The ProdigyDirected by Nicholas McCarthy Publishing House: Orion Pictures Released: 02.08.19 Review by Julian Lytle | February 8, 2019 at 11:30 AM
Basically: Someone thought it was cool to mix The Omen and The Exorcist.
Yo people, where to begin with The Prodigy. With a title like that you would think it was about a really smart kid or maybe a play on an evil version of young Sheldon from The Big Bang Theory, but nah, that’s way off. A young couple in Pennsylvania, Sarah (Taylor Schilling) and John (Peter Mooney) are having a baby. Meanwhile, it’s late at night in Ohio and a young woman, Margaret St. James (Brittany Allen), with a missing hand escapes from a scary looking farmhouse. She gets to the police and they storm the grounds. A man, who seems smart and prolly enjoys some engineering, confronts them and gets killed. At this same time, Sarah and John’s son Miles is born. Over the years Miles seems to excel at everything and so fast. He does things way before he should and he’s in all the special schools. Sarah and John are proud but when young Miles (Jackson Robert Scott) is nine years old he starts to exhibit some really weird behavior—things that make Sarah worry about her son and how she can help him.
The Prodigy is a horror movie so, of course, it has to go through the usual techniques. There are one and a half okay jump scares but it’s not heavy like a slasher movie. Some of the camera work and lighting is great, especially in the dark. Then the movie falls over the edge and you notice that no one turns on the lights. You’ll be in your seat thinking: This could be solved with the light switch, honey. The tension is supposed to be built up by Miles, his intensifying creepiness and his disregard for his parents (most of which will leave you shrugging). Miles’ evil-self is able to defeat adults by threatening them with lying to other adults about abuse and, while the kid feels sinister, he’s far from threatening. The character has a dual personality thing that the young actor tries his best to carry—it’s successful sometimes and at others there’s not much of a difference between personas. This leaves Schilling trying her best to sell the motherly worry. She’s so believable here I completely forget her character on Orange is the New Black. The bulk of the movie revolves around Sarah and Miles. Other characters are on screen but never long enough to feel like whole people.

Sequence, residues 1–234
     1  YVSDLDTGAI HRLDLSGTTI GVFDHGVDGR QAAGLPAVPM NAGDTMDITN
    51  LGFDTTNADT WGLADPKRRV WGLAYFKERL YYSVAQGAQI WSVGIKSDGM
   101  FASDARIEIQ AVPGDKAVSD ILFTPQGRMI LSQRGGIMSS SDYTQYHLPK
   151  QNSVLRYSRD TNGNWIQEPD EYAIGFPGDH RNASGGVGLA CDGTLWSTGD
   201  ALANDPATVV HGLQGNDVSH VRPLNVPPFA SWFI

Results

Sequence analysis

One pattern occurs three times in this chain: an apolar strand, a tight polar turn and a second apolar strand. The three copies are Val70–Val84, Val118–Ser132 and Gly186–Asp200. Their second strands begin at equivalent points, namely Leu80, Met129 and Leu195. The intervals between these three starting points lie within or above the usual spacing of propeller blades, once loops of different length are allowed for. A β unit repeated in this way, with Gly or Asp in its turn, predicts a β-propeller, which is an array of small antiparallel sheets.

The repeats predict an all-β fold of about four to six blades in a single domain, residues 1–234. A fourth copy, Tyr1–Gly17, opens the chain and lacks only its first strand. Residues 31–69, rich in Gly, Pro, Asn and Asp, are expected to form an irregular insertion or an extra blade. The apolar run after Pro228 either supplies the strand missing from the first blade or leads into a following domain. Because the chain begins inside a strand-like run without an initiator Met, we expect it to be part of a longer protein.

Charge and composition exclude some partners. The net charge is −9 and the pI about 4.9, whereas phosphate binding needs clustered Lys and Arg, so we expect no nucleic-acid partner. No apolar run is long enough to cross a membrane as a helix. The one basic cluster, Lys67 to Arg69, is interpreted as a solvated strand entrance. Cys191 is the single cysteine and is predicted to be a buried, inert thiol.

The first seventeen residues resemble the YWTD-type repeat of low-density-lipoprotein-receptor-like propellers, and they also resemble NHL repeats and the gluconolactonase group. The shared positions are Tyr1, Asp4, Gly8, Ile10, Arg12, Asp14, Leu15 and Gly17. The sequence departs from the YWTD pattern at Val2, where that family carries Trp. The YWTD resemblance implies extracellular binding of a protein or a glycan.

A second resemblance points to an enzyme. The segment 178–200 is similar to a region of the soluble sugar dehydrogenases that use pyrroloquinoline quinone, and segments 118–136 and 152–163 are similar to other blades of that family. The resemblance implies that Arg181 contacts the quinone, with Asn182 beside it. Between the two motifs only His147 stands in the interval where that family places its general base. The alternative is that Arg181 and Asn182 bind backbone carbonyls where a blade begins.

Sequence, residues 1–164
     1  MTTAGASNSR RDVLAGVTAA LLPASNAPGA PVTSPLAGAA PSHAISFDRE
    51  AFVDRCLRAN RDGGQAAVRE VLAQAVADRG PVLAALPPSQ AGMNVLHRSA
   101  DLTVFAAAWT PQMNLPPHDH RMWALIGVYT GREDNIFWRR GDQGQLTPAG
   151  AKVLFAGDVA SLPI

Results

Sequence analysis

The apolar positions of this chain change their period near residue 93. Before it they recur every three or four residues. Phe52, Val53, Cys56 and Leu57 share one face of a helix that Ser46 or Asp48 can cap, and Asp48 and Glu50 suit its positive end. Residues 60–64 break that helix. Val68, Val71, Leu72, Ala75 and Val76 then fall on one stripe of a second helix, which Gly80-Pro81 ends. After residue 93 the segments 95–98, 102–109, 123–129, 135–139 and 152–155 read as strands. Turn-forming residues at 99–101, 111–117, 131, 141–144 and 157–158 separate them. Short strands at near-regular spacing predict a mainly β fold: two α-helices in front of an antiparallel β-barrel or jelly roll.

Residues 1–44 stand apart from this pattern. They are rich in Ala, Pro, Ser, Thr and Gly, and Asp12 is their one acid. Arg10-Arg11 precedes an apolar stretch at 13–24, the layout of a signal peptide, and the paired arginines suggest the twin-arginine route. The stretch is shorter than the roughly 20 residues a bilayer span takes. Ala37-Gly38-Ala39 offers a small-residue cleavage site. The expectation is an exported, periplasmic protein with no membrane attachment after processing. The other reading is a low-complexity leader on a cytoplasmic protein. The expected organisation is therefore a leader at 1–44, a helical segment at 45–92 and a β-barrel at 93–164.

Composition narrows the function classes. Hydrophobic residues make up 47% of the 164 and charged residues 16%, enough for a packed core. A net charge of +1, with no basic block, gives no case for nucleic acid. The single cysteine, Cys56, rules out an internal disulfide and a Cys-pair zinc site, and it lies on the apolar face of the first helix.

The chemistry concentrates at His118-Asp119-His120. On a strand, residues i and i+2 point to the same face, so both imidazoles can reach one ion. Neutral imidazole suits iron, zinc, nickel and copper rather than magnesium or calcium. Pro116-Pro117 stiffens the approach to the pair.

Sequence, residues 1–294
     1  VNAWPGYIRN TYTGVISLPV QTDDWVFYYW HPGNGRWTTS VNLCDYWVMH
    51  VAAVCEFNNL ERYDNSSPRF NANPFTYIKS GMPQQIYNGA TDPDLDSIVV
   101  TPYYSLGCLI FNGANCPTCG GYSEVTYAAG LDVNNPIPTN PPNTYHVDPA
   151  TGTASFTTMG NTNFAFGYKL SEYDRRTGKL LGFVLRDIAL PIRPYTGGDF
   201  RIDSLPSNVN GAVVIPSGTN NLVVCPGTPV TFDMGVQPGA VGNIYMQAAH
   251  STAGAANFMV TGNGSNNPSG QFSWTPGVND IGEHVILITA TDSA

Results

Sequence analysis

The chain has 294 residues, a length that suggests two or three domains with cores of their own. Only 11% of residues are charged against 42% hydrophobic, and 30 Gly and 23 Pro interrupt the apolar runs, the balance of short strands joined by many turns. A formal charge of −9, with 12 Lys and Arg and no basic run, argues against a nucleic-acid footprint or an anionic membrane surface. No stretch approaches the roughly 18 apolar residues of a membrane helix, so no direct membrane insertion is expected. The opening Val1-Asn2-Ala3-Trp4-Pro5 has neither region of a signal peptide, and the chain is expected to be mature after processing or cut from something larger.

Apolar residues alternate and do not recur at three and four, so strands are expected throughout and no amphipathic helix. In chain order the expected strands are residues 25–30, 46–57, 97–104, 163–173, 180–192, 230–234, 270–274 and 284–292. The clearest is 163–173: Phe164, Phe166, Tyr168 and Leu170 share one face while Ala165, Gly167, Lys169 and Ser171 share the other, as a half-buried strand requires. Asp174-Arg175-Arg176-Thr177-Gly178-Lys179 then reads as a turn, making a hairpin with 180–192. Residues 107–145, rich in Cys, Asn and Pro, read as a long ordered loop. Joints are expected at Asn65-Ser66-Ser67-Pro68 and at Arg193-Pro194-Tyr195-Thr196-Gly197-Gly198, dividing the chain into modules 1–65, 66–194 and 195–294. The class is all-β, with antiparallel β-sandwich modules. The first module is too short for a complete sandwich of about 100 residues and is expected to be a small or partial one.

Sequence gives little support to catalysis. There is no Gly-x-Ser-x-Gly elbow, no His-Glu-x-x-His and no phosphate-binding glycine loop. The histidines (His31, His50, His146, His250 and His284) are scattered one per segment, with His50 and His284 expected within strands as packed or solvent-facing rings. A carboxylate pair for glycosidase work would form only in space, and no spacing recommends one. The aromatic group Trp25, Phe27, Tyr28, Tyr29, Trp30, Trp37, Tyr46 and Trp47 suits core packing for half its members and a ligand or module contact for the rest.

The Prodigy would most likely be better served as a short film. Around the hour-long mark, the movie feels like it should be over. After that it’s all padding to get to a longer runtime before we reach the climax of the film. The Prodigy might be some type of counter-programming or filling for a slow week. But this ain’t it, y’all, I think horror fans should consider sitting this one out.
In the End: The Prodigy tries to use elements of horror classics to make something new but completely misses the mark. It never decides if it wants to be a mystical horror or a realistic horror movie and it fails because of it.